Eric Gagne, P, Milwaukee Brewers: Gagne has been instructed to rest by team physician Dr. William Raasch after receiving a cortisone shot to address rotator cuff tendinitis. Gagne will not be permitted to throw for at least three days, at which point he will be re-evaluated. He will rejoin his team Friday and at this point does not appear to be headed to the DL, although the team has indicated that that could change. Gagne has struggled this season to close consistently, and was removed from the position briefly to get a mental break. According to ESPN reports, Gagne said that he originally developed some soreness in his shoulder a week ago when he threw daily in an effort to address problems in his delivery. Then Tuesday, while facing the Pirates, Gagne developed stiffness in his shoulder and was removed from the game. Gagne has a history of elbow problems in his throwing arm, including recurrent nerve-related pain which was causing him to have numbness in his fingers and ultimately resulted in surgery. Gagne did experience a bout of shoulder tendinitis last fall which caused him to miss a couple of weeks, but after he rested during the offseason there were no reported lingering issues. Three days is a short recovery time if indeed there is significant inflammation. Even if his symptoms have resolved with a few days' rest, the likelihood is that the team brings him back via a throwing progression that will unfold over at least a week. Don't be surprised if Gagne is out of the mix for at least a week, or even if he ultimately goes the route of the DL in an effort to address all that's been ailing him this season.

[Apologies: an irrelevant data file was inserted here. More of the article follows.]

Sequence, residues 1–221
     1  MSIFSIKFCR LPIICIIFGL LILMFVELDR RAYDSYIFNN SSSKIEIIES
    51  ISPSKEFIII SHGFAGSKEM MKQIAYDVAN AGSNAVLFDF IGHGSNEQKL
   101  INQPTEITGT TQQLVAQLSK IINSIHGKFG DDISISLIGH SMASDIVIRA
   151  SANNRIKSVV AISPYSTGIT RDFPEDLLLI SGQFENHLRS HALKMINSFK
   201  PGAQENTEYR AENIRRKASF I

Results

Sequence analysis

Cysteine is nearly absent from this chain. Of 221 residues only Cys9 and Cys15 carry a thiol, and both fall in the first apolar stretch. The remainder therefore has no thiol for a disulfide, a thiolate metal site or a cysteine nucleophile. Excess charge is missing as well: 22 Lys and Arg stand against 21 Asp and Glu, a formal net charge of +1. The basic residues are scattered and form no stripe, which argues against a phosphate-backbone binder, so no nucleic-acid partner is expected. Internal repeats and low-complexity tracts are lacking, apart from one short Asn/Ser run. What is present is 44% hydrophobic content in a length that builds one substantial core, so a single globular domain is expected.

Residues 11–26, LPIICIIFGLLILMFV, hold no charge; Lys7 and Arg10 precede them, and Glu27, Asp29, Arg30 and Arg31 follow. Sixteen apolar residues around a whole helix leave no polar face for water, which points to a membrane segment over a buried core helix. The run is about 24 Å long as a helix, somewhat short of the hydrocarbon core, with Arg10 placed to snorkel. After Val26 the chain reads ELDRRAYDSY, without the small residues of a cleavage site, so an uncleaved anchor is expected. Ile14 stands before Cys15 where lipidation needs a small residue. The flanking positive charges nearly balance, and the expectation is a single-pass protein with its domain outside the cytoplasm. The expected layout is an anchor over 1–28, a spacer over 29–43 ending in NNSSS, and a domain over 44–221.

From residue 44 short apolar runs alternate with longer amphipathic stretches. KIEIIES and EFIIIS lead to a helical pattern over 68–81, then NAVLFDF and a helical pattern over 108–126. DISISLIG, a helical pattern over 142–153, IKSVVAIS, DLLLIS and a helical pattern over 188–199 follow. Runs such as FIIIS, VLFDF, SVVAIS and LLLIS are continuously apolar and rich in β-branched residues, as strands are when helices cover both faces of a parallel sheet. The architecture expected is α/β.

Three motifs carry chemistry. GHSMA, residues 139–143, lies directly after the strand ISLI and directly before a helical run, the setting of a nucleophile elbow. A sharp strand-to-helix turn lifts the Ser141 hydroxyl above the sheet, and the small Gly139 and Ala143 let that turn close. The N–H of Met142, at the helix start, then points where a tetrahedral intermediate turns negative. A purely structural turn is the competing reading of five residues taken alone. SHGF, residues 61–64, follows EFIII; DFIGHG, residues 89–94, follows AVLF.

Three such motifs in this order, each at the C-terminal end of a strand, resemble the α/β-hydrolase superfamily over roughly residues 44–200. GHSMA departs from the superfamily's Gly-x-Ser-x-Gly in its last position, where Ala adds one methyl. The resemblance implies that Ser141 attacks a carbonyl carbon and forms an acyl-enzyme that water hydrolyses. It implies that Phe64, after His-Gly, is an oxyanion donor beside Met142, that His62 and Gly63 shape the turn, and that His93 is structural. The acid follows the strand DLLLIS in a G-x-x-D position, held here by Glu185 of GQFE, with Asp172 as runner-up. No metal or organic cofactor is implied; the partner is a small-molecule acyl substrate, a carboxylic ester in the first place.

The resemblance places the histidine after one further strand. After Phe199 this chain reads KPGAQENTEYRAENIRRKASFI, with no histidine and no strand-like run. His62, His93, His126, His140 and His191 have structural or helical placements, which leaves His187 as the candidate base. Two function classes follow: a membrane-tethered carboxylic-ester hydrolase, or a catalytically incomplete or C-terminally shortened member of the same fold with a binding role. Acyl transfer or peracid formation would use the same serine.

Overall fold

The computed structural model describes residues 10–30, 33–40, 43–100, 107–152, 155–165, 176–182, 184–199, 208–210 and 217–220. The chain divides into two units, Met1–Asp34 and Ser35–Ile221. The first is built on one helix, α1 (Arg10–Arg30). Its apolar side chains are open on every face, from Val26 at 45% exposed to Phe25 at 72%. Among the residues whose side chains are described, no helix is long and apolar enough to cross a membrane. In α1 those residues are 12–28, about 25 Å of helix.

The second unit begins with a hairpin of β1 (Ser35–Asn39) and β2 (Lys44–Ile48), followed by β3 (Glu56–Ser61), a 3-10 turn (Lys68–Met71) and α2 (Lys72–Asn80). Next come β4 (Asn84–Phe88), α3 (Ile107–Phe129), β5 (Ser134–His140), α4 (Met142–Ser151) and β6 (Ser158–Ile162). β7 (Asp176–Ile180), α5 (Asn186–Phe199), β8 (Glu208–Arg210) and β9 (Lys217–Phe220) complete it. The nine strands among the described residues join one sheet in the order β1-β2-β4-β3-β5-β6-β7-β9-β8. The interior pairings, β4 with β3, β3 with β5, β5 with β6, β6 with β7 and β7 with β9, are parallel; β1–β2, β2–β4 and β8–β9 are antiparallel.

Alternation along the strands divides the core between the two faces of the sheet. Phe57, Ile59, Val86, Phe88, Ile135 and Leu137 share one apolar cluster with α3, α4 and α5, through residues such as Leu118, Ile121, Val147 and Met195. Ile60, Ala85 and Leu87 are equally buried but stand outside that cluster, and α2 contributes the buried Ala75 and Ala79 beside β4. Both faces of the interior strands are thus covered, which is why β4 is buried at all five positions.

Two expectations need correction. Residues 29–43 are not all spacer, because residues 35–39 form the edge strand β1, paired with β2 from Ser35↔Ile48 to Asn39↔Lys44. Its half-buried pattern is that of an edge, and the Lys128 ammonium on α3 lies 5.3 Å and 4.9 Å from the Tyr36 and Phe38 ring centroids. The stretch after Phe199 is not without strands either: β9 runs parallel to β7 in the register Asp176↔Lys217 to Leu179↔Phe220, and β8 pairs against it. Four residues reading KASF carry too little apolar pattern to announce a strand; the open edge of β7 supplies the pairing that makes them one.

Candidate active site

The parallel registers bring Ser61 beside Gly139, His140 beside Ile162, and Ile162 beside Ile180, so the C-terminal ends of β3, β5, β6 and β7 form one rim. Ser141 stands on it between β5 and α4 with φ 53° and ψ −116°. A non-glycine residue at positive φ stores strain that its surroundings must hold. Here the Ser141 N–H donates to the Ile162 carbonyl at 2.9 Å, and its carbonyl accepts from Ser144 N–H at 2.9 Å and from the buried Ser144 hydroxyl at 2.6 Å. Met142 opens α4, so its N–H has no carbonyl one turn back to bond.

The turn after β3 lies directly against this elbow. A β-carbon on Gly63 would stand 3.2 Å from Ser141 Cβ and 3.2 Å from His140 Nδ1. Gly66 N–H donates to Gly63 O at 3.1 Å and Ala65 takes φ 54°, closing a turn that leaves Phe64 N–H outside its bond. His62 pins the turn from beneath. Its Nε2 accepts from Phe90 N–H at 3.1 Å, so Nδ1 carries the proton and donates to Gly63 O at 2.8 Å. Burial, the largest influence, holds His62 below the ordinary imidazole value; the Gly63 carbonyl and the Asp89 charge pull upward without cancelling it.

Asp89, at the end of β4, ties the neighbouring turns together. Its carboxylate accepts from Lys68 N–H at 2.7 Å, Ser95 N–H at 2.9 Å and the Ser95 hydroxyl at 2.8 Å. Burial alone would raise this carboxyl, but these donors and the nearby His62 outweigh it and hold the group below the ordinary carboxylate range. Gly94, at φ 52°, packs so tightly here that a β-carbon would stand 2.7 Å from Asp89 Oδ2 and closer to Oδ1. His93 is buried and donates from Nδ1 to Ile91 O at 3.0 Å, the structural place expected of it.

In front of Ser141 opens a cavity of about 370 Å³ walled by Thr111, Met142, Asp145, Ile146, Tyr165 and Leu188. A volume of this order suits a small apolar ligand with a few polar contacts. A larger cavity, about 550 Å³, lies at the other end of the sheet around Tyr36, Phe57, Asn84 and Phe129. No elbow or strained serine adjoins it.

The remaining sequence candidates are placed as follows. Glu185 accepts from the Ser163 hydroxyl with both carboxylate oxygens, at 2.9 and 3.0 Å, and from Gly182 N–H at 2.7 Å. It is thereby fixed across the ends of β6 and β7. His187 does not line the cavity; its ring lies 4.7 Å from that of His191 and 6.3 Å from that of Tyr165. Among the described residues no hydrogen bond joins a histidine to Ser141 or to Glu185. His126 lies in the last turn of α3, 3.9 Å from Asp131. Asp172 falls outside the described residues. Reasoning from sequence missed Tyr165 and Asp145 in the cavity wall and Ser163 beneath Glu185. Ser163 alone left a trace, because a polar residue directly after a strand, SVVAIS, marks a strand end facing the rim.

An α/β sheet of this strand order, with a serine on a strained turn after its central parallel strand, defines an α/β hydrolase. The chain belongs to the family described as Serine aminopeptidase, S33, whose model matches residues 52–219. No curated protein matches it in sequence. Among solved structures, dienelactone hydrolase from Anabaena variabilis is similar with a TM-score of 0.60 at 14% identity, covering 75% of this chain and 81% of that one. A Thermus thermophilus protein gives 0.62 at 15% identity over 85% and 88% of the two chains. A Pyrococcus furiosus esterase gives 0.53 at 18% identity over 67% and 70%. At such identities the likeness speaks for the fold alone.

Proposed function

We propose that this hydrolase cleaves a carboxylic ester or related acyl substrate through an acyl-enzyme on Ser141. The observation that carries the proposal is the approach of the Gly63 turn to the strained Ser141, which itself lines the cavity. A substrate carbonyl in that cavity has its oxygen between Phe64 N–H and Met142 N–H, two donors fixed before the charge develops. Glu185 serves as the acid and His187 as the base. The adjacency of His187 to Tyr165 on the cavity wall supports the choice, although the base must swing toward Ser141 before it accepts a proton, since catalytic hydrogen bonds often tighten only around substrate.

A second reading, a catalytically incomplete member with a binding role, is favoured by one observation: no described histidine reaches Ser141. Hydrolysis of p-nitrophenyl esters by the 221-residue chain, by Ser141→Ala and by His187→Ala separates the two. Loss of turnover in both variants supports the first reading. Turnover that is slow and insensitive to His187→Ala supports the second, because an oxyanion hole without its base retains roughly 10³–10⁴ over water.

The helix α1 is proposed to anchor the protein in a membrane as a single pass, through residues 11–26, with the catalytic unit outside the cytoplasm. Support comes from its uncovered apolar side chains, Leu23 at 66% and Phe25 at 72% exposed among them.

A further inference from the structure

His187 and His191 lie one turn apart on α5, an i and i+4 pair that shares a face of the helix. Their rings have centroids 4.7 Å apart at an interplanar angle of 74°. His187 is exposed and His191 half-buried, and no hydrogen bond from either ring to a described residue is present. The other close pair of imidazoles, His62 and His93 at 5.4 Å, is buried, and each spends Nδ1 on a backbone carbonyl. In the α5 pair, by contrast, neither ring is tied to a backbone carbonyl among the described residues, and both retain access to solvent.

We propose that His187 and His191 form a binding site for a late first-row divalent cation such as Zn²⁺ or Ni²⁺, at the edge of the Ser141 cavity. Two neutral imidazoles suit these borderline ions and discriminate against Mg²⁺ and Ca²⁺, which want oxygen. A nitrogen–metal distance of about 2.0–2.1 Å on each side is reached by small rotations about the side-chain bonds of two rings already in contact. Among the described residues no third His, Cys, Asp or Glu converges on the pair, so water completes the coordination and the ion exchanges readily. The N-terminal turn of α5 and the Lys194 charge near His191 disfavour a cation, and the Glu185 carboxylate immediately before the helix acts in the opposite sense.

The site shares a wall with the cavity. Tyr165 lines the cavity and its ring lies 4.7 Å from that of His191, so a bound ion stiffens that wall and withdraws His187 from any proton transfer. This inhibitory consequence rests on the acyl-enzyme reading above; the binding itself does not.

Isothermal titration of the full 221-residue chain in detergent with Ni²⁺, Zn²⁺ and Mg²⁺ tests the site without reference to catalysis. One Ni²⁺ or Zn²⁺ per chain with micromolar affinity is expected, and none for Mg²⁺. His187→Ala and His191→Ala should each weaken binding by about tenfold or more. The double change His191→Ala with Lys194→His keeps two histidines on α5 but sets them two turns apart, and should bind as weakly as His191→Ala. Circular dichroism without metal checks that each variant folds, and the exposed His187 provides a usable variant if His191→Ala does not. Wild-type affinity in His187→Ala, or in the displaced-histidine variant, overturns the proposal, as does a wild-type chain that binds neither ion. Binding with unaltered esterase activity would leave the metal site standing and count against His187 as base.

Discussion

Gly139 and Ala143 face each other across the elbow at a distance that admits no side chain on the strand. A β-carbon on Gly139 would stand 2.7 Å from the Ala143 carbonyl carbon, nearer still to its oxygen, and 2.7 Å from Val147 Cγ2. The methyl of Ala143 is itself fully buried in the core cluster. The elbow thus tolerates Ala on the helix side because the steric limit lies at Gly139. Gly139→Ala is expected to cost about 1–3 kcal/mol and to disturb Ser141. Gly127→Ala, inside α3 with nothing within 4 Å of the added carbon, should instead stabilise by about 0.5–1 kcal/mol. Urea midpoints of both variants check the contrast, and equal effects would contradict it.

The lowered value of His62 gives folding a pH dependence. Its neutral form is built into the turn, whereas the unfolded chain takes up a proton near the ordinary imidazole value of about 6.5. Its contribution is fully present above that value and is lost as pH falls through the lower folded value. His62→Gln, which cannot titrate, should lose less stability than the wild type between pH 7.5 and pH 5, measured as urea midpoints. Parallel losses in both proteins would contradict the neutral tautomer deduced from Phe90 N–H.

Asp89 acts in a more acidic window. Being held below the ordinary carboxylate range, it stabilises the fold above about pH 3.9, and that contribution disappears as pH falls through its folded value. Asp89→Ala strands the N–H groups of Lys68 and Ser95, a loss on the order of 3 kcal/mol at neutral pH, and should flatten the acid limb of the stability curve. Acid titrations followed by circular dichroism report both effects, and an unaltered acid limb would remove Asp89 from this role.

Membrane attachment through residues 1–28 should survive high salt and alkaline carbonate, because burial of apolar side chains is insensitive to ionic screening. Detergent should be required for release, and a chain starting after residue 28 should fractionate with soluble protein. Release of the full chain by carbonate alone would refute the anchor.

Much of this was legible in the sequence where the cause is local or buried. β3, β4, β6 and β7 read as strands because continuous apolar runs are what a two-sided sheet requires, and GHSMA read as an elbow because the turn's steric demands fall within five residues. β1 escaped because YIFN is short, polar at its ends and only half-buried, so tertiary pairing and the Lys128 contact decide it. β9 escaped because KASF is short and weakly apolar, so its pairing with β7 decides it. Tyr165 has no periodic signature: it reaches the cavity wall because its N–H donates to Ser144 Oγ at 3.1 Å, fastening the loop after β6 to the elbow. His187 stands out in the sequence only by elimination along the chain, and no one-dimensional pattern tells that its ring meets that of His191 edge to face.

Austin Kearns, OF, Washington Nationals: Kearns has been dealing with a sore right elbow and is going to have it addressed, surgically. Kearns is expected to undergo arthroscopic surgery Friday to remove some bone chips in the elbow. Initially it did not appear that Kearns would be going under the knife but with the swelling and soreness persisting, and after collecting several opinions, the decision was made to treat the elbow surgically. At this point Kearns is expected to miss three to four weeks, assuming that there are no additional findings during surgery, and assuming recovery goes as planned. He will need to regain his range of motion, his arm strength and, given his role as an outfielder, will have to progress his throwing program to long range. If Kearns' elbow is otherwise healthy, he should be able to recover from this episode and return to his role successfully.